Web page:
Monitoring Progress

Much like a ship's captain, you hold the master chart. It's the one with the title, "Product Development Plan." You know where you are starting from, where you want to get to, and the route you need to follow. To keep track of your progress you must plot your daily position. Even if you are working on your own, remember to tick off the milestones as you pass them. Psychologically it will do you good and remind you of the genuine progress that you are making.

Ideally you need to keep two charts: a simple public one that shows progress against the major milestones and a detailed one available only to the team. This can be updated at the end of each week and used as a visual aid at the Monday morning meeting (see Figure 6-2).

Figure 6-2: Project Development Schedule example.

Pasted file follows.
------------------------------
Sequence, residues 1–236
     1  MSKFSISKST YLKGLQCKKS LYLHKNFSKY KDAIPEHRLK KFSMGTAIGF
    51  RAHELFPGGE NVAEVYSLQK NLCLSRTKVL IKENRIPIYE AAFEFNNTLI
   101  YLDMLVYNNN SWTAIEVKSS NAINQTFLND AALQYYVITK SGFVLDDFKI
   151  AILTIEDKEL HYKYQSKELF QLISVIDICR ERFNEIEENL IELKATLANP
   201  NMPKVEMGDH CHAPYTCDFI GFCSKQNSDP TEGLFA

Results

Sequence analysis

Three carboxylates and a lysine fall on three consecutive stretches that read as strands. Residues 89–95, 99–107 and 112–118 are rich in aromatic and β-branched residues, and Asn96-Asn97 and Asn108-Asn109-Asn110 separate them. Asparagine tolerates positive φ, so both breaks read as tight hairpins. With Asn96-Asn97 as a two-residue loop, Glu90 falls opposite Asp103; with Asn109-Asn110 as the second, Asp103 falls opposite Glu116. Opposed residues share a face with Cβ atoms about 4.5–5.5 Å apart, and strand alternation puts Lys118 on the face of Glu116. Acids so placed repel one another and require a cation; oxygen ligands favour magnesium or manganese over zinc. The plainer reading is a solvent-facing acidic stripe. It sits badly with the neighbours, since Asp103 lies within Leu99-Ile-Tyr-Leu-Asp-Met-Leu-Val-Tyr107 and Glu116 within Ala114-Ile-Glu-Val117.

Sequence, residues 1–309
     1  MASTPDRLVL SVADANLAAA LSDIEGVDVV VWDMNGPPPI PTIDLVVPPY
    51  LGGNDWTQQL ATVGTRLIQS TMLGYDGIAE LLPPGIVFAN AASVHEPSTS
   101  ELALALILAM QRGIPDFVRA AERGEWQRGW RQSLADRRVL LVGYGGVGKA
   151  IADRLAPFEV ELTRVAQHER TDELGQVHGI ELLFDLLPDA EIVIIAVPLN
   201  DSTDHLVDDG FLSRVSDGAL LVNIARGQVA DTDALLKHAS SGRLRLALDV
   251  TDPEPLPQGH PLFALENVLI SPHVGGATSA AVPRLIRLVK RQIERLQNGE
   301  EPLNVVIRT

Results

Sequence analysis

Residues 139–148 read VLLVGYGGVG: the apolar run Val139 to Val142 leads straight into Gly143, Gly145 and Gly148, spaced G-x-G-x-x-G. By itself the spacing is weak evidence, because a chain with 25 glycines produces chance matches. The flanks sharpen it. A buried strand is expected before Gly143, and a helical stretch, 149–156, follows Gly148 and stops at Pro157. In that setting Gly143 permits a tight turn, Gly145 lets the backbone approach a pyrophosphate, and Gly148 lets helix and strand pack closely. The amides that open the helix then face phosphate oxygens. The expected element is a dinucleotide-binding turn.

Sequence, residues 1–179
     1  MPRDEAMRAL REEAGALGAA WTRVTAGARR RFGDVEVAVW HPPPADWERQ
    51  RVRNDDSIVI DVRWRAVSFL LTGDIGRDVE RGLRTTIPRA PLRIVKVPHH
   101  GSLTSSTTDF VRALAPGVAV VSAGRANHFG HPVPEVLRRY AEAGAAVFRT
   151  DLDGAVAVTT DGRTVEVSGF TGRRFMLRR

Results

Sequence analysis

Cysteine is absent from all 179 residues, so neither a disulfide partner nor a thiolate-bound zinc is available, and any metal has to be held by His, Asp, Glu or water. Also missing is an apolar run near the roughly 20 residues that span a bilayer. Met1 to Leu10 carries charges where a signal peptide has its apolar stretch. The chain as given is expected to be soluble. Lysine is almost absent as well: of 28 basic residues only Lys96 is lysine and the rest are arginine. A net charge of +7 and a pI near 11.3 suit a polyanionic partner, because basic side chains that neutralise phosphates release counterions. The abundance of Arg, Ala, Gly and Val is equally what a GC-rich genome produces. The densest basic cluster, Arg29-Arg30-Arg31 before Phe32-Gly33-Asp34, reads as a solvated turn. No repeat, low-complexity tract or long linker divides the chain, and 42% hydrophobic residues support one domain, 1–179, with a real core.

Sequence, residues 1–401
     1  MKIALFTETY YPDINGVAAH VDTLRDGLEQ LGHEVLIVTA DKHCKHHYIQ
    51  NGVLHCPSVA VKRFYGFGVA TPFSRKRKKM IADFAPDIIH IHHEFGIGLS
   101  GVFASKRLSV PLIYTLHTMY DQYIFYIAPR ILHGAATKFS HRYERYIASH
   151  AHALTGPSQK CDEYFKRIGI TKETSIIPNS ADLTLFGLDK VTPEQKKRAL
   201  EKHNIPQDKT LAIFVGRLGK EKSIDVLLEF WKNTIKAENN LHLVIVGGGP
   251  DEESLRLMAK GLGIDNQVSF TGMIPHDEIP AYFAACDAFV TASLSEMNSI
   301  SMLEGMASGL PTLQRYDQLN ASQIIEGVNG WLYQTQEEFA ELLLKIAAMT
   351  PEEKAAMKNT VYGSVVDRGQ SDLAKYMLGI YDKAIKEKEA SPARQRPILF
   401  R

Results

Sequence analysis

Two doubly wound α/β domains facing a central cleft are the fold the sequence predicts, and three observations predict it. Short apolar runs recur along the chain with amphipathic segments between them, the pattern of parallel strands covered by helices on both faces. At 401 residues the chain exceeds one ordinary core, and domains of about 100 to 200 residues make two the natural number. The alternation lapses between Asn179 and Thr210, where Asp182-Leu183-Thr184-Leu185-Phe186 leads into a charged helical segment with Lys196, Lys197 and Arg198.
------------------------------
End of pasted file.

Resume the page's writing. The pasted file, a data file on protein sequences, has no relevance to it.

Note |f you are uncertain what style of chart you need to monitor your progress, I rec ommend a standard Gantt format. Most people are familiar with them even if they do not know the name, and they are very easy to understand.

There is a belief that developers hate progress reports because they tell you how behind you are. Good developers are never so shortsighted. Progress reports are essential to let everyone know the overall progress of the project. Without them, it's like trying to sail to America without plotting your daily position.

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